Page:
Experimental Gothic – Part One

Four Films by Peggy Ahwesh

Curated by Seth Watter

"Experimental Gothic," designed and printed by Xander Marro

“Experimental Gothic,” designed and printed by Xander Marro

A cold dungeon crawling with vermin, statues or portraits endowed with a mysterious life, a ruined castle or estate, instruments of torture left over from the Inquisition, sadistic criminals marked by peculiar deformities, incestuous or forbidden desire and mad pacts with the forces of evil—these are the tropes we associate with Gothic fiction, and it is no secret that the classic tale of terror has provided some of the richest material for film narrative and aesthetics. What is perhaps less often remarked is the Gothic’s enduring presence in the world of experimental film, with all its possibilities of visual distortion and atmospheric intensity. The image of the monster is the most visible sign of horror, but in its very obviousness tends to mask the actual workings of desire and dread, the sensation of tunneling through an endless corridor, that cinema so vividly dramatizes.

A special event in two parts, Magic Lantern Cinema’s “Experimental Gothic” presents a series of short works that display the hallmarks of Gothic style, charting an underappreciated strain in the history of avant-garde cinema.  Night one will showcase the films of Peggy Ahwesh, and will take place at AS220’s Black Box Theater. The second program, “Romantic Agonies,” will screen at the Cable Car Cinema and will feature works by Andy Moore, Stan Brakhage, Lloyd Williams, Patrick Bokanowski, Kayla Parker, Mark Abramson, Sarah Pucill, and Larry Jordan.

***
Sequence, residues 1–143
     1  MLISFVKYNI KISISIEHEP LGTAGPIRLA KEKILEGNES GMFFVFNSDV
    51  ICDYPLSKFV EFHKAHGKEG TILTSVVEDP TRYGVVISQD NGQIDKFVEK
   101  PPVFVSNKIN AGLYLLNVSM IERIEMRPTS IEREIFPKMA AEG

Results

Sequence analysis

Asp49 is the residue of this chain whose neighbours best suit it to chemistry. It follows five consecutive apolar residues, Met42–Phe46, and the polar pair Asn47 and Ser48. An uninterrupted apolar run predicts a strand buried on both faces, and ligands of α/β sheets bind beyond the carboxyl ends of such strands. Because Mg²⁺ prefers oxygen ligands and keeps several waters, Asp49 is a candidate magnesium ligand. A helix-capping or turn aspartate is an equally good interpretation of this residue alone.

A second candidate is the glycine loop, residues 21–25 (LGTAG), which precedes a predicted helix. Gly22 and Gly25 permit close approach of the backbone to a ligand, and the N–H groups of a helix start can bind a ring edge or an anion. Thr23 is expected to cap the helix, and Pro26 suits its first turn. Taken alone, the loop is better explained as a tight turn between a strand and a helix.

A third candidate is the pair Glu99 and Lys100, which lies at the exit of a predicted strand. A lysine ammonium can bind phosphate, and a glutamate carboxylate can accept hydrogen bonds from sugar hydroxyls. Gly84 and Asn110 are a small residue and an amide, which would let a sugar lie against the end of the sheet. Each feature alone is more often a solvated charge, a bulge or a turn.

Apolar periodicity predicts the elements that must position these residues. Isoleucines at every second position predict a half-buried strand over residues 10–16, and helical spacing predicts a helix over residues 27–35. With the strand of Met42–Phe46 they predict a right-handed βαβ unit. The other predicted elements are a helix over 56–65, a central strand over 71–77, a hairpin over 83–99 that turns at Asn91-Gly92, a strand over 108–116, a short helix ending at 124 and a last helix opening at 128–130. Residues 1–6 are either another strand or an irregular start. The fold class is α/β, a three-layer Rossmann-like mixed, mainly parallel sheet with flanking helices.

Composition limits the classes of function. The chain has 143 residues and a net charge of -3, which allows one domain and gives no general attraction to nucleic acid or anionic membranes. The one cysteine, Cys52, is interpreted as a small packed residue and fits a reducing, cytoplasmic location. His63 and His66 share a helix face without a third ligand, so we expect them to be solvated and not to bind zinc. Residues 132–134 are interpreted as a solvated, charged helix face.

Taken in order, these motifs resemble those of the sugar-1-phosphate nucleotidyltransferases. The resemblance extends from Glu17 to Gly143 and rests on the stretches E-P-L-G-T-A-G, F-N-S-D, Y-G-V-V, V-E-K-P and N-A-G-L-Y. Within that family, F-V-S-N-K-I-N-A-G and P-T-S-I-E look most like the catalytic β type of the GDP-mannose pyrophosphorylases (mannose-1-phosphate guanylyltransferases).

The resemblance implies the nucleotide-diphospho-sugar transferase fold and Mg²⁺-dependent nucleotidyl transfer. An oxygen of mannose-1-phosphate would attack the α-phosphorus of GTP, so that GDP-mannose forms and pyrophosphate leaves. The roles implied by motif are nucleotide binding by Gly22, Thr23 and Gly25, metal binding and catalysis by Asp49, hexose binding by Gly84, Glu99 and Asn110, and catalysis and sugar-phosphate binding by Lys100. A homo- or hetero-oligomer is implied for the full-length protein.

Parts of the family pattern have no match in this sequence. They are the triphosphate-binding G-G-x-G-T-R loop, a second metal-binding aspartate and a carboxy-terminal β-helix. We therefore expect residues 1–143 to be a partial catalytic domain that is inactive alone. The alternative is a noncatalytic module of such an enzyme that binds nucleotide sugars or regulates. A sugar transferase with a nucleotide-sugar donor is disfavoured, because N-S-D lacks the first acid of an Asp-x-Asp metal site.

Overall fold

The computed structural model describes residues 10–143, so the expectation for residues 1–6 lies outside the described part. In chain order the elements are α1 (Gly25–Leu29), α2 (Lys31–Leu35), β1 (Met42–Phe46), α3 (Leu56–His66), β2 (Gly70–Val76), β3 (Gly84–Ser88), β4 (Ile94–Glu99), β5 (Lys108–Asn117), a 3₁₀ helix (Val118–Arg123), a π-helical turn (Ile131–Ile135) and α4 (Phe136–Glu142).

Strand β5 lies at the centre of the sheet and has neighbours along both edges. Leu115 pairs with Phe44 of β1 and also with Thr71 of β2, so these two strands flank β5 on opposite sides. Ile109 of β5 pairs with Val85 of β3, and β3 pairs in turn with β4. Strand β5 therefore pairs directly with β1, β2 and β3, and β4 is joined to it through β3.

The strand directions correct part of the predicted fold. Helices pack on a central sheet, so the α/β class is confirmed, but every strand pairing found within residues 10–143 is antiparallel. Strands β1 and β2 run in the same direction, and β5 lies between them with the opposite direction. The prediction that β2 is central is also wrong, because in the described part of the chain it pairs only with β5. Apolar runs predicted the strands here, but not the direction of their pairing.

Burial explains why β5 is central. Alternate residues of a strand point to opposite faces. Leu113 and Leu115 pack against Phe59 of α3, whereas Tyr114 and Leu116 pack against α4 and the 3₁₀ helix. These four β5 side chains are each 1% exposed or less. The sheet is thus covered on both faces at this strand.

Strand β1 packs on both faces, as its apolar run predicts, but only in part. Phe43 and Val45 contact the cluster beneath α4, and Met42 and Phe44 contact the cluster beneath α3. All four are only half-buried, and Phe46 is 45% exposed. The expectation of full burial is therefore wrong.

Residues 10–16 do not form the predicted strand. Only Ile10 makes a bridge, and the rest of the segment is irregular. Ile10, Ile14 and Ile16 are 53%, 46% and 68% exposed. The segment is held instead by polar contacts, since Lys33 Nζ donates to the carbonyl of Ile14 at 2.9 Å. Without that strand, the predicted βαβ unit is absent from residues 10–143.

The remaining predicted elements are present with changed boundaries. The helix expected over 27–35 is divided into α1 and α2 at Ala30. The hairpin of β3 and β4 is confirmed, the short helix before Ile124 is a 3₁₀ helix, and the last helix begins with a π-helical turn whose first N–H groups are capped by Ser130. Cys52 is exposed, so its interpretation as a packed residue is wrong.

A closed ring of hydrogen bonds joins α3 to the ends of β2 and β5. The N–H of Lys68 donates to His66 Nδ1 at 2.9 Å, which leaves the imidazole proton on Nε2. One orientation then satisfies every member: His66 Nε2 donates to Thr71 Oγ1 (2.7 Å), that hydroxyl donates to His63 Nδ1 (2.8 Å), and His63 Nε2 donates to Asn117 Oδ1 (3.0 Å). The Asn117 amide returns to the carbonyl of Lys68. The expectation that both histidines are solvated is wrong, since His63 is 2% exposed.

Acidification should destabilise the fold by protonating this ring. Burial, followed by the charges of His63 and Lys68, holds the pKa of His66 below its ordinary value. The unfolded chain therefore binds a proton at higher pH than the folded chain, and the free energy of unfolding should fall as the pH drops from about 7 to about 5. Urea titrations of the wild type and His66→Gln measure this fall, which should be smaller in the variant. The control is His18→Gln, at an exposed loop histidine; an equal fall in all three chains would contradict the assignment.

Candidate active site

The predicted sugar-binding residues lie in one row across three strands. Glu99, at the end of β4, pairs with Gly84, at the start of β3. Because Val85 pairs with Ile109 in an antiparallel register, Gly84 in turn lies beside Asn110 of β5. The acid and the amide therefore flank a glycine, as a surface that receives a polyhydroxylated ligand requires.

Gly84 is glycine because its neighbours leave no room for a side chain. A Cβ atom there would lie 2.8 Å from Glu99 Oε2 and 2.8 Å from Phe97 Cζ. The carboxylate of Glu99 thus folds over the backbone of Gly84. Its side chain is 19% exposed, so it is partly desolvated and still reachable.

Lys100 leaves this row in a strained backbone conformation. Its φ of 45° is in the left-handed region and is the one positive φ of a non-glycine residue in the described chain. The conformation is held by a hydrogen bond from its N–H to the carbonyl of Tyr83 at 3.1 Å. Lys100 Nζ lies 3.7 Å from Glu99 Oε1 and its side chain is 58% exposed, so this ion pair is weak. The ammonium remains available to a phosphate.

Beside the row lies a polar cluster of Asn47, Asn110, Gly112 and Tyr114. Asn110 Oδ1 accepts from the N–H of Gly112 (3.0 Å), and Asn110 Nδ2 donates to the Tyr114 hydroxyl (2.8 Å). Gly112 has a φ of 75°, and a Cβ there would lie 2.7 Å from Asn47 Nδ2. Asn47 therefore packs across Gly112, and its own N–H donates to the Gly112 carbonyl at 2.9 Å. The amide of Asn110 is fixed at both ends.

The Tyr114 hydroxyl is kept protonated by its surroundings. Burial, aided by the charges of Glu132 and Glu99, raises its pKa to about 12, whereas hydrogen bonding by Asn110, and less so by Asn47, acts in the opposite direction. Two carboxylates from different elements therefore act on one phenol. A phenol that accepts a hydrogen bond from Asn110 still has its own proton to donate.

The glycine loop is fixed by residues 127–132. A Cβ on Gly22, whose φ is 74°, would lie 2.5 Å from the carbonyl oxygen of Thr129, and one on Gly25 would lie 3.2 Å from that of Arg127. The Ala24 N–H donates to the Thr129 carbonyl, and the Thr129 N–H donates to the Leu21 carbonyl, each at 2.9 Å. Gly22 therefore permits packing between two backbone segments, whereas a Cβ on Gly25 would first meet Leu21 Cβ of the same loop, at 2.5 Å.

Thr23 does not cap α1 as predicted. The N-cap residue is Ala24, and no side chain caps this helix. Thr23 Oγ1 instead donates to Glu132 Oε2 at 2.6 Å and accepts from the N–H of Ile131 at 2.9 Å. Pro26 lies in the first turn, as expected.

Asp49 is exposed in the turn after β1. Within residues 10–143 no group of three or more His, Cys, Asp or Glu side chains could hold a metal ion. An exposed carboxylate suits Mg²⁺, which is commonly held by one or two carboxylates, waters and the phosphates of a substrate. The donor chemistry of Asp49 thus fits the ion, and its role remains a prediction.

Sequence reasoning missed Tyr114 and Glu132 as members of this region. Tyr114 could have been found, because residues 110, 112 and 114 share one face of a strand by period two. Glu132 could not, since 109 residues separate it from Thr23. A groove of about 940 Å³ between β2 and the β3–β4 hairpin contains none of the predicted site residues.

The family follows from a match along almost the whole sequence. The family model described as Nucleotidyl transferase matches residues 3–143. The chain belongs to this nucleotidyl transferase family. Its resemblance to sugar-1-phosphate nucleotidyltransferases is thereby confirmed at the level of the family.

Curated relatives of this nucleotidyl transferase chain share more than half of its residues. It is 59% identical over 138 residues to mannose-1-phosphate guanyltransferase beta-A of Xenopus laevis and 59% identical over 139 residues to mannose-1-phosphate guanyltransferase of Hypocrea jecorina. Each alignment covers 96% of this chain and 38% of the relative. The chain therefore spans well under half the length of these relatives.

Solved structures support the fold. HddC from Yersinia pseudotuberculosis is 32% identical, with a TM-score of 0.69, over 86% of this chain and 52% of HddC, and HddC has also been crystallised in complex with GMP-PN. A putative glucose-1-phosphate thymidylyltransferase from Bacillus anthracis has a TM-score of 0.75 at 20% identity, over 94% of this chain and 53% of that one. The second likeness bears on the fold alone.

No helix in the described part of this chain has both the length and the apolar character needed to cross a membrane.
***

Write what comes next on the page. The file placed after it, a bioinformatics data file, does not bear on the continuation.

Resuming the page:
PART ONE: FOUR FILMS BY PEGGY AHWESH

A trilogy of lust, murder and other transgressions by one of America’s darkest talents, with a bonus short featuring little girls in monster costumes.

The Deadman, 1989. 16mm, b&w, sound. 40 mins.
“THE DEADMAN charts the adventures of a nearly naked heroine who leaves the corpse of her dead lover in a country house, goes to a bar and sets in motion a scabrous free-form orgy before returning to her house to die. The film manages to approximate the transgressive poetic prose of Bataille (a mixture of elegance, raunchy defilement and barbaric splendor) while celebrating female sexual desire without the usual patriarchal-porn trimmings” (Jonathan Rosenbaum, Chicago Reader).

The Color of Love, 1994. 16mm, color, sound. 10 mins.
“The last word in ready-mades, Peggy Ahwesh’s THE COLOR OF LOVE … is a slightly slo-mo, optical reprint of an obviously ill-treated ’70s porn movie in which the chemical rot that’s already eaten away the edges of the image threaten to censor it entirely. … An ur-text for Ahwesh’s work, THE COLOR OF LOVE is an almost Rose Hobart for the ’90s” (Amy Taubin, Village Voice).

Nocturne, 1998. 16mm, b&w, sound. 30 mins.
“A psychological horror film based on fear, disquietude and the anticipation of violence … among the shadows of the night and the lurid dreams of the imagination, with no clear division between fact and hallucination, between life and death, between dread and desire. Combines plot elements culled from Italian horror films and texts from Acker, Shaviro and de Sade” (Canyon Cinema).

The Scary Movie, 1993, 16mm, sound, 9 mins.
“Ahwesh’s two young actresses, Martina and Sonja, cross-dress in vampire capes and werewolf claws, re-enacting familiar horror tropes. A roughly corresponding soundtrack of stock screams and “scary” music suggests that the girls’ toying with gender roles and power dynamics may have dire consequences” (EAI).